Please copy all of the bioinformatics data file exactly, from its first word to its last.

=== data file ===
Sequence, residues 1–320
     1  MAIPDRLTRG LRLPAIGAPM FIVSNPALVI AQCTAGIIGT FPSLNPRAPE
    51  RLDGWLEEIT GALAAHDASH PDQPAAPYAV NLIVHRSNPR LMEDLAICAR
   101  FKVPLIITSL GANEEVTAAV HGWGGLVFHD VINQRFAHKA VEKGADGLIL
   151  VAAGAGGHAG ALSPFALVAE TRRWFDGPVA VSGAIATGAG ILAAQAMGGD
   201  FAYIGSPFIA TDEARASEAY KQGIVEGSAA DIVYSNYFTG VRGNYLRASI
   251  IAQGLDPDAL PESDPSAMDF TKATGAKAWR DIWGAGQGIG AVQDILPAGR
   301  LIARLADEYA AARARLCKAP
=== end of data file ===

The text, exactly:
Sequence, residues 1–320
     1  MAIPDRLTRG LRLPAIGAPM FIVSNPALVI AQCTAGIIGT FPSLNPRAPE
    51  RLDGWLEEIT GALAAHDASH PDQPAAPYAV NLIVHRSNPR LMEDLAICAR
   101  FKVPLIITSL GANEEVTAAV HGWGGLVFHD VINQRFAHKA VEKGADGLIL
   151  VAAGAGGHAG ALSPFALVAE TRRWFDGPVA VSGAIATGAG ILAAQAMGGD
   201  FAYIGSPFIA TDEARASEAY KQGIVEGSAA DIVYSNYFTG VRGNYLRASI
   251  IAQGLDPDAL PESDPSAMDF TKATGAKAWR DIWGAGQGIG AVQDILPAGR
   301  LIARLADEYA AARARLCKAP